Before we talk about China’s problem with time travel, I have a simple question.
Why do we find time travel so fascinating?
Is it the science? The simple ability to say, “Screw you, laws of physics!” and go on a wild adventure through the ages? Or maybe it’s a desire to relive our past, to right wrongs and grasp missed opportunities. Or visit the future! Any number of possibilities, really.
I suppose we all have our own reasons; personally, I’d be more likely to visit historical events than anything from my own life. I’d be curious to see how it all started, and how it all ends. Maybe see if I could break something.
Not everyone is enthralled with the idea of time travel, though. Take the Chinese government, for example.
China Bans Time Travel, SciFi Fans Cry
In 2011, the Chinese government decided it would be a good idea to discourage movies and television series about time travel, claiming the subject “disrespects history” and that the prospect of time traveling and rewriting history “goes against Chinese heritage.”
Maybe. (The word ban may or may not have been a mistranslation; I’m still not sure.)
The real problem, as far as I understand it, was mostly that, since time travel is a popular genre in China, this indicated the masses weren’t particularly happy with the current state of things. And that’s not good for, you know, morale.
Many time travel dramas, after all, involve a modern individual being whisked into the past, which in many cases he or she finds preferable to the present. Many people today dream about being the protagonist in their own time travel fantasy, to get away from the troubles of the modern world.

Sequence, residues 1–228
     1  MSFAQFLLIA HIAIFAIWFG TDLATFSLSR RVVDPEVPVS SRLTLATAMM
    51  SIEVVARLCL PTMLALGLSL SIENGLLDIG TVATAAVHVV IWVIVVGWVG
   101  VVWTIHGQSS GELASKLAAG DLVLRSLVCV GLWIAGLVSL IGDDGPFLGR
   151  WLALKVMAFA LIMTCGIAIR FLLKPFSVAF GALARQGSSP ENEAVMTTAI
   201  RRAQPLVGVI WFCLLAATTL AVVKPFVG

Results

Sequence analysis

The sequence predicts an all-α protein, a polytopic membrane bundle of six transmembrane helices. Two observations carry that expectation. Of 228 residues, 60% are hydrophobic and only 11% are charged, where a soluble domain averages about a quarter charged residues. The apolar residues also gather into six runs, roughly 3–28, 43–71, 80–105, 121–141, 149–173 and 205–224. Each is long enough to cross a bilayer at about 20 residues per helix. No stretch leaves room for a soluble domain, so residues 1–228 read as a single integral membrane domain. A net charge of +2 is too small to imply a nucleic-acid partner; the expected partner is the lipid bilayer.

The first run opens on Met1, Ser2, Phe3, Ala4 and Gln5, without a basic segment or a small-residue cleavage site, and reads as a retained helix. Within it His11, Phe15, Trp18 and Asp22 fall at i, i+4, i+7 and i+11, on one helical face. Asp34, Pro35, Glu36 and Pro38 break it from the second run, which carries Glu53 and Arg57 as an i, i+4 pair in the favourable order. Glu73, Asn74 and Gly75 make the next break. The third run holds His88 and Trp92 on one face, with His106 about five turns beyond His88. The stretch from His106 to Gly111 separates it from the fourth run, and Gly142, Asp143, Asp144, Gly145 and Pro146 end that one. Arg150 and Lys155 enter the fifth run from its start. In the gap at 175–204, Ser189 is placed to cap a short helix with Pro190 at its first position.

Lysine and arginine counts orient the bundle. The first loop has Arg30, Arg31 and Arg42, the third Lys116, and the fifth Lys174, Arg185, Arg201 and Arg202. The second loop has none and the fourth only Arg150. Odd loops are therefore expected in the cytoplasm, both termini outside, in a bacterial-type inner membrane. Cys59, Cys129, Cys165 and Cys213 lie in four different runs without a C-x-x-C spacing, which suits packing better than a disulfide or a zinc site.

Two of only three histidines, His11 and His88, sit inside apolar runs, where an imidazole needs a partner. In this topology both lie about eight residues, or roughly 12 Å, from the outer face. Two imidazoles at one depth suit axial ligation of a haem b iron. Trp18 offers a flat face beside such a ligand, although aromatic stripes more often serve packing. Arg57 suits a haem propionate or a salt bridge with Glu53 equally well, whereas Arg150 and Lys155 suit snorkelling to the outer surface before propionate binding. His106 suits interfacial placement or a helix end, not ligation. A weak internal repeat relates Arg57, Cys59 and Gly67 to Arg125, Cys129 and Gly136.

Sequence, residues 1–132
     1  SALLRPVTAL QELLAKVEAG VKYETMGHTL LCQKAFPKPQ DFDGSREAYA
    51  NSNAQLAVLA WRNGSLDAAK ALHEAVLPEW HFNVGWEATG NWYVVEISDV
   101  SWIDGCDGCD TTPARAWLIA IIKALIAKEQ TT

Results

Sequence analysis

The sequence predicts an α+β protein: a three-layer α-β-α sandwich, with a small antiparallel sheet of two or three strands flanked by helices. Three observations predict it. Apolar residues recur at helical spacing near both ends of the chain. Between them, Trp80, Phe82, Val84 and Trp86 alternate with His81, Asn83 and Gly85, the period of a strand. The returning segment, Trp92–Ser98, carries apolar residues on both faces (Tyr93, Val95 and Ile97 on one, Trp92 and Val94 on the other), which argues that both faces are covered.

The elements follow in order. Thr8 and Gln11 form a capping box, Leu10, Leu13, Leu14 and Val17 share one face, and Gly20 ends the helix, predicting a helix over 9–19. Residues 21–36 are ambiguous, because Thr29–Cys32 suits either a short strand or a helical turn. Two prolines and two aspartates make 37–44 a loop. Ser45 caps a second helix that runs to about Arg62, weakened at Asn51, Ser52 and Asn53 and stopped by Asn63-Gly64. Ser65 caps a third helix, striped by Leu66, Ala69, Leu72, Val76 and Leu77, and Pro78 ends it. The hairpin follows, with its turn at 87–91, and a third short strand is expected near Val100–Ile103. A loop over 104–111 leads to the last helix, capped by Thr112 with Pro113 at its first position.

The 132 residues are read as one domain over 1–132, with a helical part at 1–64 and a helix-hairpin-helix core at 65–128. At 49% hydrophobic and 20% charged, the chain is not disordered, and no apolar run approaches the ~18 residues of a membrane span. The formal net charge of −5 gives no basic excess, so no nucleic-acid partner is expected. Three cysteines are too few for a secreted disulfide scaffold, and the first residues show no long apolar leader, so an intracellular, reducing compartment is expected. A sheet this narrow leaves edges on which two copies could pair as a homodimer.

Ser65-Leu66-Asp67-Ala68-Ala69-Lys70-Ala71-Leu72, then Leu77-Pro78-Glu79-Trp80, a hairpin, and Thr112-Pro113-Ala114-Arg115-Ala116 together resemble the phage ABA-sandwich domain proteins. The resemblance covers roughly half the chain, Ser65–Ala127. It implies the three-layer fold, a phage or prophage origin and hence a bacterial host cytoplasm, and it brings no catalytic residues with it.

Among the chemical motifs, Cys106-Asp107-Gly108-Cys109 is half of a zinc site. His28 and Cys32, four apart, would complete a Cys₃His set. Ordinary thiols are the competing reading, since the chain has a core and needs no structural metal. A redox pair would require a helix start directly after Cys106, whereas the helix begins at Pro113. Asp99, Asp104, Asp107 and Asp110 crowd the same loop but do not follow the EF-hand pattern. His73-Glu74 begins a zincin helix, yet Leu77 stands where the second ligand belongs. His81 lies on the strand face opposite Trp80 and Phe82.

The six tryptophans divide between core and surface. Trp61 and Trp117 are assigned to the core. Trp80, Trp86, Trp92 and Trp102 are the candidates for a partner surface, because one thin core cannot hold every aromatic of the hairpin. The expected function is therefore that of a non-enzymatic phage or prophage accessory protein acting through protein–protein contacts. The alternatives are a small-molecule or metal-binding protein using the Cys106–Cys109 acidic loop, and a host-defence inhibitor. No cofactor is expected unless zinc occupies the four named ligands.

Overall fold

In 2012, this idea unfortunately became all too real, when two Chinese schoolgirls committed suicide, hoping to time travel into the past. “In my life, I have two secret wishes. One is to time-travel back to Qing Dynasty and shoot a film with the emperor, and the other is to travel to outer space,” read a note one of the girls left behind.
(I suppose I should mention that there are some questions regarding the validity of this story. Some journalists believe the story was given the negative time travel slant by the government. You can never be too sure, I guess. I don’t know.)
But even though time travel stories are discouraged in China, that didn’t stop Looper from busting up their Box Office. Time travel still appears to be wildly popular there, “ban” or no ban.
A Tomb Of (Time Traveling) Secrets
Of course, it’s always possible that China’s ban on time travel has less to do with politics and more to do with a cover-up. Perhaps that ring watch archaeologists allegedly dug up in that Chinese tomb actually was evidence of time travel.
Or not. Probably not.
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